The Russians have always said Ukraine is part of Russia. Are they right?
What’s all the sabre rattling about?
Vladimir Putin believes Ukrainians are really Russians, and he wants America to agree that Ukraine will never be a member of Nato. He’s still spitting teeth about Western troops piling into eastern Europe after the Cold War. In his mind, says Joshua Yaffa in The New Yorker, Western leaders promised not to advance towards Russia’s borders after the fall of the Soviet Union – standing up to Nato on Ukraine is merely “rectifying a historical injustice”. At a press conference last December, Putin made his understanding of history clear: “‘Not one inch to the east,’ they told us in the nineties. So what? They cheated, just brazenly tricked us!”
Is he right?
Recollections differ. The phrase “not one inch” comes from a meeting between Mikhail Gorbachev and James Baker in 1990. The then Soviet president and US secretary of state were trying to figure out what to do with Germany after the fall of the Berlin Wall. “Would you prefer to see a unified Germany outside of Nato, independent and with no US forces?” Baker asked. “Or would you prefer a unified Germany to be tied to Nato, with assurances that Nato’s jurisdiction would not shift one inch eastward from its present position?”
What did Baker mean?
He was suggesting that a unified Germany outside Nato might be a scarier prospect for Moscow than a unified Germany inside it – so long as Nato promised not to push any further east towards Russia’s borders. President George HW Bush, however, firmly opposed his secretary of state’s proposal of putting limits on Nato’s power, later saying to Germany’s leader Helmut Kohl: “To hell with all that. We prevailed and they didn’t.” But Moscow took Baker’s words as a promise and has complained about “Nato expansionism” ever since.
What’s the view from Kiev?
Russians and Ukrainians agree that they (and the Belarusians) are descendants of the same people. In this world view they are “brother nations”, made up of the Russian Velikorossy (“Great Russians”), the Ukrainian Malorossy (“Little Russians”), and the Belarusian Belorusy (“White Russians”). When Russia first became a tsardom in 1547, the official title of the ruler was Tsar vseya Rusi, “Tsar of all the Russias”. All three Russias descend from 9th-century marauding Vikings known as the Rus, meaning “rowers”, who paddled down the Dnieper River and established a capital at Kiev in 882. By comparison, Moscow at that time was a complete backwater, only earning its first recorded mention in 1147.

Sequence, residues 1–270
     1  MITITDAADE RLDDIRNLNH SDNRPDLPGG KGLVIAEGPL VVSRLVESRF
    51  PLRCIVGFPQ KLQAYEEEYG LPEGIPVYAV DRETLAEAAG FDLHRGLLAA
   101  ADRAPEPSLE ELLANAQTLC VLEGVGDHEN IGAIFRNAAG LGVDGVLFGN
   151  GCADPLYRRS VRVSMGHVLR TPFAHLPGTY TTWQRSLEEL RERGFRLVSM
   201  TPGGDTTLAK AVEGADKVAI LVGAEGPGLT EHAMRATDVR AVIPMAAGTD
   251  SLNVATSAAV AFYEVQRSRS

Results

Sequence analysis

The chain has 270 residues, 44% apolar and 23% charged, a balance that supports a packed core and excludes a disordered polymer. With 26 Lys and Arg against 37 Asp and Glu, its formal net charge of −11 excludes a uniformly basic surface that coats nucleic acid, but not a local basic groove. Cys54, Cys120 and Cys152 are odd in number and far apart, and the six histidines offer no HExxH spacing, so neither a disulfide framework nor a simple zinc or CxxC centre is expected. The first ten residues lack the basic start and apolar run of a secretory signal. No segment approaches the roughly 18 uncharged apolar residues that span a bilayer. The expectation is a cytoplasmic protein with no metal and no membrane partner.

So the Russians are really Ukrainian?
Originally yes. From Kiev, the Rus established a mighty empire stretching from the Baltic Sea in the north to the Black Sea in the south. In 988, their leader Vladimir the Great converted to Christianity – he considered Islam but demurred when he learned booze was forbidden – and married a Byzantine princess. Their son Yaroslav the Wise ushered in a golden age during which a distinct Ukrainian territory and identity crystallised. But in 1240 the Mongol Horde decimated Kiev, leaving nothing but a pile of skulls, and seized most of the Rus empire.
When did the country we now call “Russia” first come into existence?
When the Grand Dukes of Muscovy (as Moscow was then known) threw off the Mongol yoke in the late 1400s. They declared themselves Tsars of Russia in the following century, acting as if Ukrainians had always been Russians and had no history of their own. This included banning the Ukrainian language and crushing any hint of Ukrainian nationalism. The tyranny continued after the Russian Revolution in 1917. Stalin systematically oppressed the Ukrainians; millions starved to death in the artificial famine known as the Holodomor in the early 1930s. It was a bitter irony for a profoundly fertile region once known as the “breadbasket of the Soviet Union”.
What is Putin up to now?
Most Moscow watchers think invasion is unlikely. Any serious escalation in hostilities would be “foolish”, says Jeff Hawn in Foreign Policy. The Ukrainian army is “experienced, modernised, and highly motivated”, not to mention backed by the might of the West. Even if Russia did manage to occupy Ukraine, occupations are “expensive, dangerous, and often fruitless”, as the United States discovered in Iraq and Afghanistan. A war against its Ukrainian neighbours would permanently alienate Russia from Europe and make any let-up on sanctions impossible. Russia has absolutely nothing to gain from invading Ukraine, and a lot to lose.
So what’s next?
The Kremlin sees a White House rooted in “post-Cold War triumphalism” abusing its grip on the international order to bolster its position, says Maximilian Hess in The Moscow Times. For its part, the White House sees the Kremlin as “ensconced in a revisionist revanchism” that undermines international norms. Putin’s aggression has turned millions of Ukrainians toward the US in recent years. But the West must appreciate Russia’s understanding of history if it is to have any hope of achieving peace on Europe’s eastern border. “It has the added benefit of being in Ukrainians’ interests too.”
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